As an interior designer or brand, how has the pandemic affected your work?
I am an interior designer with a fledgling business, which after a tough January and February was just really starting to take off. The projects that I had literally signed on in early March are still there – thank goodness – but with three children to either home school or purely care for and entertain 24/7, I am completely unable to continue with my work as I would like to. Everything is on hold OR I try to carve out a millisecond of time in the evenings to do what I can, much like so many other people right now.
Further to that, how have you responded to the challenges? What measures have you put in place to not only ensure safe practices but to safeguard your business?
I am 'lucky' to not be responsible for anyone else's livelihood right now, which must be an enormous pressure and feeling of responsibility. As a sole trader I have made sure that any meetings are now done by email/zoom or the best, a telephone call. I have let all of my clients know how we can proceed relevant to their projects, thankfully with everyone in the same position right now, people are understanding and completely on board with any delays.
In terms of my business, all I can do is keep it ticking along at a rate that is achievable for me and my clients. I remember Polly, my business coach, telling me at the very beginning of setting up my business, that if you do one small thing a day to push your business forward, be it literally sending an email, posting something on social media, networking within the industry, completing an admin task … any of the above can give you a sense of achievement and getting closer to your goals. I have this great piece of advice ringing in my head at the moment, so even on the worst days knowing that I have done one small achievable task makes me feel positive.
I have not only lowered expectations of myself, but also of others in terms of time scales – I certainly don't expect clients or suppliers to get back to me in a short turnaround. If anything, I think this pandemic is forcing us to be so much more patient with each other and less demanding of people's time and energy. I hope this stays with us when this is all over.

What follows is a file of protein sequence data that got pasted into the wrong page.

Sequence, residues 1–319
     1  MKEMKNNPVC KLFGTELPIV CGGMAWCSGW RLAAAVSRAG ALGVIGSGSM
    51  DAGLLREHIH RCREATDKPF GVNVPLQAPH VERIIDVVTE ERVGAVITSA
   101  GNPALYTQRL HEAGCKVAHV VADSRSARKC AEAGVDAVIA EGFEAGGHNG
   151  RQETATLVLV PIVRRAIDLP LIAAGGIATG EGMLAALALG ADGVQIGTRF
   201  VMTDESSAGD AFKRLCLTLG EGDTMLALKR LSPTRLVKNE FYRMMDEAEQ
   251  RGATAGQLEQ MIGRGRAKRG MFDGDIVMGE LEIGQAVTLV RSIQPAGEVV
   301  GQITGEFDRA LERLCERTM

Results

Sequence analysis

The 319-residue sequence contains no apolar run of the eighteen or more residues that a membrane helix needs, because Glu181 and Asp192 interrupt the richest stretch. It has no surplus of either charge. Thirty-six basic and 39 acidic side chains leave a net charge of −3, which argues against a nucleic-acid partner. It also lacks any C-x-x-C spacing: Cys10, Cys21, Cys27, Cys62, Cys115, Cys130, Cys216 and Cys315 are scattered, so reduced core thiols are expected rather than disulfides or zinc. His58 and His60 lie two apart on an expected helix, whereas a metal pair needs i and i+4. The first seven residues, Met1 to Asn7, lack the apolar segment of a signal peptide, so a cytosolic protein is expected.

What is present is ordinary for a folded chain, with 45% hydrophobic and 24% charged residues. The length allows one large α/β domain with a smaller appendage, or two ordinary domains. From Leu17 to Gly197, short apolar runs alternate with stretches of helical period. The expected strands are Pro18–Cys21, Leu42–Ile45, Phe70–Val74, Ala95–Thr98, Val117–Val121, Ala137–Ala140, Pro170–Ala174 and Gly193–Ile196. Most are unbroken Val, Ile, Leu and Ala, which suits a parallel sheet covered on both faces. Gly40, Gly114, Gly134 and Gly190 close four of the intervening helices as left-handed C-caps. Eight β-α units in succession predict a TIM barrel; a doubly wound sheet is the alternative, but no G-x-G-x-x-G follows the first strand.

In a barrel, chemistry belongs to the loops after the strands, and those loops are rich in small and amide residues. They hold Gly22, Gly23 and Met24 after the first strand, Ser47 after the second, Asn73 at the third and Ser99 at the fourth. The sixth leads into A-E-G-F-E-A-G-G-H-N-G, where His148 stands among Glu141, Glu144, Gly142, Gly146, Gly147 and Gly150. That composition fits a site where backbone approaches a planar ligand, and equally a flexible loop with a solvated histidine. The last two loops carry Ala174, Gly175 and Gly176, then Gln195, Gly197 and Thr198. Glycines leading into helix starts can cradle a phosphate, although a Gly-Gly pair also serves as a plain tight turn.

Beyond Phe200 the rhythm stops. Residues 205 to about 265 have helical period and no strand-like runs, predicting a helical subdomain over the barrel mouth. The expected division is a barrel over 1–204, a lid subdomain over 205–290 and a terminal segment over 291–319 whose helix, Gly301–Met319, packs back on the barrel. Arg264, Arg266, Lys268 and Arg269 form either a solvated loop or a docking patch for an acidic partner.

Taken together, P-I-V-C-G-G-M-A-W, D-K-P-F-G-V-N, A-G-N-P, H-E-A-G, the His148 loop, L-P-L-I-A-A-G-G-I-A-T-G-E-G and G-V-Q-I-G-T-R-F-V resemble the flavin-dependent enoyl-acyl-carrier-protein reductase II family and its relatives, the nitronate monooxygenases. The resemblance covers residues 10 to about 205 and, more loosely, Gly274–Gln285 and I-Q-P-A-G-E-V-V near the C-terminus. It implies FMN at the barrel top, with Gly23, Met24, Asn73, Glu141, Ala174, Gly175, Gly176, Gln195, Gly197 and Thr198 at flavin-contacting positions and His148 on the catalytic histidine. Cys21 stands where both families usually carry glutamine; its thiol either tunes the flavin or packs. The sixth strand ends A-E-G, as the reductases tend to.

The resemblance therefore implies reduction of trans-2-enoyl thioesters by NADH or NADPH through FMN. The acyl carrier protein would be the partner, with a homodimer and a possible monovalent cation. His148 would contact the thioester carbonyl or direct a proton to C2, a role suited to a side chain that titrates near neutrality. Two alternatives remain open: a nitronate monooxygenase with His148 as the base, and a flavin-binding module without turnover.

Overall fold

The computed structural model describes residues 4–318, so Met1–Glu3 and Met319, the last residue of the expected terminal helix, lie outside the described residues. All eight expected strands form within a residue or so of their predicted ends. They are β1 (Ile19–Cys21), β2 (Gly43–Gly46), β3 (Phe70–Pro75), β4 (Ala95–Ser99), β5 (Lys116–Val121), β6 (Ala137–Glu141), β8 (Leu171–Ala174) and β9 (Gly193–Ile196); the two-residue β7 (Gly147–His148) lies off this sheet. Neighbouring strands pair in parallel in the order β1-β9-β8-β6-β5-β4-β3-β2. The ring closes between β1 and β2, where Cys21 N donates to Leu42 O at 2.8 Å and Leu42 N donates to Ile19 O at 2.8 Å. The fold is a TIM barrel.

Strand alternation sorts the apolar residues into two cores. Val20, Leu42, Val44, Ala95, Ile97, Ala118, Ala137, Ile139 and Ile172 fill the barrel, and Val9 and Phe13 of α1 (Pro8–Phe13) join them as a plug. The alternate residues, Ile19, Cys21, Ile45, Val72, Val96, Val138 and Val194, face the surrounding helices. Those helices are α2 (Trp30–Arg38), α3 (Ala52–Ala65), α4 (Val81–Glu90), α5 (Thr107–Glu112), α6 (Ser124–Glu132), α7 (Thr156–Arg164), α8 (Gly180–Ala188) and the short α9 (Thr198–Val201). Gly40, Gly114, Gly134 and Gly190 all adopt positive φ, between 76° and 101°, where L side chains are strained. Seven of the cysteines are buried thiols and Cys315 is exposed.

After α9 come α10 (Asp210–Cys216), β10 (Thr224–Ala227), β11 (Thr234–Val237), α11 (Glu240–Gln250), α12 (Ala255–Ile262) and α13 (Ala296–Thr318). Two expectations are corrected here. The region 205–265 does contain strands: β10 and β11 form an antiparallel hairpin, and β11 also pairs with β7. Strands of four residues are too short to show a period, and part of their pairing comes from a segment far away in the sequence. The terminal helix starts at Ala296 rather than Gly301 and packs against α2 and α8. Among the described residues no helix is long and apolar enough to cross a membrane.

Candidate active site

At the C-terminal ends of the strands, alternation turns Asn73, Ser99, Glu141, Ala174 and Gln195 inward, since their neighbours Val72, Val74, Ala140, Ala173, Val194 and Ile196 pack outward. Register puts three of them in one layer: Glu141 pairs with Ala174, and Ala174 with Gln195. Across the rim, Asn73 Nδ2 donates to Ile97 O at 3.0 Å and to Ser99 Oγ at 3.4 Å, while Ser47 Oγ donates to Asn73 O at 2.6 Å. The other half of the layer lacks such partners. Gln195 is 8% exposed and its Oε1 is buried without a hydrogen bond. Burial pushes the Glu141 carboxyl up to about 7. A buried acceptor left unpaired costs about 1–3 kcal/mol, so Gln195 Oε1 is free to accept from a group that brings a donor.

We are all trying to find silver linings to this crisis. Some are finding more time to be creative – with or without children! – to think about issues in a different way, to explore a new skill or to improve an existing one. What has been your experience so far in terms of creative thinking and output?
Creative thinking has been a challenge being with my children all the time – output has been low and exhaustion levels high! That said, being stripped of freedom with your working day makes you think outside the box about how to move forward and how to carve out a little time here and there. I am getting better at finding activities for the kids to do while I work but don't appear to be working (Praise be for iPhones!). I think as we all settle more and more into this new normal, we can free up more brain space to allow for creativity and greater output.
Trying to stay on a positive note, we’d love to hear about any benefits you may have discovered amidst the difficulties?
Connecting with people like we haven't before. The Camberyard Collective, under Polly's wise and helpful guidance has given all designers and suppliers within the group a real sense of belonging, support and mutual respect that we face the same difficulties. Where we may have only connected at the odd industry event in the past, we are now in daily communication with each other without judgement. Polly's mantra of 'collaboration not competition' has never seemed more relevant.
Looking ahead to the future, when this pandemic is behind us, we’ve been thinking about how this enforced shutdown might be an opportunity to do things – personally, professionally and as a society – a bit differently. We’re thus interested to know how, if at all, you might take your own business forward in a new way?
I hope we will continue to connect as we have been doing, that there will be less speed and a slower pace to how we work. That perhaps we will lower our expectations of each other, particularly that we all have our own stresses and responsibilities that we often hide to 'get on with it' … ignoring your child asking you an important question or wanting your attention while we cry out that this email simply must be replied to in that moment. Finally, I won't take it all so seriously. When faced with something so much bigger than us, and so out of our control, it puts you in your place and makes you realise what is important. That's family, friends, a roof over our heads and our health. Anything on top of that is a bonus.
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